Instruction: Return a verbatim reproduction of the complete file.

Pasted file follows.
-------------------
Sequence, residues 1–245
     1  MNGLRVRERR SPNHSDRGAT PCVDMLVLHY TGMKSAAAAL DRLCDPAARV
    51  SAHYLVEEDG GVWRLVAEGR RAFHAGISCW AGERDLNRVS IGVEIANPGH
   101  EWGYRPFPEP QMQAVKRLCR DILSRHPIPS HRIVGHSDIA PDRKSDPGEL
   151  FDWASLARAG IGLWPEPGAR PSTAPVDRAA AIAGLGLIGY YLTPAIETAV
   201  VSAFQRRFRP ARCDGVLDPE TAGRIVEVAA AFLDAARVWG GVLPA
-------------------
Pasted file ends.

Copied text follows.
Sequence, residues 1–245
     1  MNGLRVRERR SPNHSDRGAT PCVDMLVLHY TGMKSAAAAL DRLCDPAARV
    51  SAHYLVEEDG GVWRLVAEGR RAFHAGISCW AGERDLNRVS IGVEIANPGH
   101  EWGYRPFPEP QMQAVKRLCR DILSRHPIPS HRIVGHSDIA PDRKSDPGEL
   151  FDWASLARAG IGLWPEPGAR PSTAPVDRAA AIAGLGLIGY YLTPAIETAV
   201  VSAFQRRFRP ARCDGVLDPE TAGRIVEVAA AFLDAARVWG GVLPA